The home buying process starts with an app
A man uses a smartphone as he sits in Union Square on June 5, 2013 in San Francisco, Calif.
For more Americans, the process of buying a home starts with their phone. There are apps galore for those on the house hunt. So, how do you decide which software will really help you in your search? Katie Roof, a business and technology journalist in New York, has test driven some of these real estate apps, and says the process of finding a home has gotten easier these days because of these apps.
"There's a lot of apps in the app store. You have the big ones like Zillow and Trulia. They each have four different apps that you can choose from. Some of them are for home buying. Some of them are for renting. You can use your location and it will help find listings near you. Then you can set your criteria," says Roof. "You can help find listings in your area that are suitable for you."
For example, you can look for houses near a certain school district or located within a specific zip code.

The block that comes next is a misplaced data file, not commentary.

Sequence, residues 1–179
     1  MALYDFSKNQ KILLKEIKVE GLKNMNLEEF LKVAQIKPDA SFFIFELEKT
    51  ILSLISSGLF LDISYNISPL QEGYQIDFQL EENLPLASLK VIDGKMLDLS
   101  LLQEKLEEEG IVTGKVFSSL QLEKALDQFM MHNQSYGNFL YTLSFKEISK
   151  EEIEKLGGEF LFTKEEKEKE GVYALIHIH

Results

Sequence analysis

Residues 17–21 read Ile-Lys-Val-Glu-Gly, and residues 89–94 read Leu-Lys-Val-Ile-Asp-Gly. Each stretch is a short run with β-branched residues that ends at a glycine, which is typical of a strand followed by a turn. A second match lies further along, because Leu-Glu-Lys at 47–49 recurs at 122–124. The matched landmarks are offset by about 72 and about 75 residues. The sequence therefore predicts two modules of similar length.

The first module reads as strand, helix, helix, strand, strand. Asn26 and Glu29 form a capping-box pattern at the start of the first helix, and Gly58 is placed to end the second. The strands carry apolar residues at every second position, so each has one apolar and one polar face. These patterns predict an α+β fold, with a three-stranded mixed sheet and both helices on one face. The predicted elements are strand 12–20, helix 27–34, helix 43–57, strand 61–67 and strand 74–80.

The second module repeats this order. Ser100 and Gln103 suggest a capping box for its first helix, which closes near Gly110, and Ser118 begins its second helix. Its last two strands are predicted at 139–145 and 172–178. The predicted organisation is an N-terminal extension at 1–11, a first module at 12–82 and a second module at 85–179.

"A website out there that's good for that is BlockAvenue, which shows information about schools and crime and different neighborhood data that you might find interesting. Trulia and Zillow also have more detailed information on that on their websites. And some of them, like Lovely, will alert you. Once you've stored your preferences in there it will tell you when a home becomes available that meets your search criteria," says Roof. "Then there are others like Home Snap, where you can take a picture of a home that you see out there already and it will show you information about that home."
Homesnap has been called a Shazam for homes, and there's also a social component where you can get input from your friends on what they think of certain homes.
The best real estate apps out there right now, according to Roof:
Roof says her favorite app is Trulia because it has the best design and is pretty comprehensive nationally. Trulia also has another app, a mortgage calculator, which Roof likes. Zillow and Bankrate also have similar apps. Roof recommends taking a look at one of these mortgage calculator apps even before you begin house hunting.
"Even before you're looking actually, it could be good to take a look at these apps and say 'How much can I afford right now? This is how much I make. This is my credit score. This is the area I'm looking at, so what are the property taxes?' It will help you figure all of that out quickly and then it will help you find people that will help you find a loan at that rate," says Roof.
As for renters, Roof says Trulia and Zillow both have a separate app for people looking for rental listings.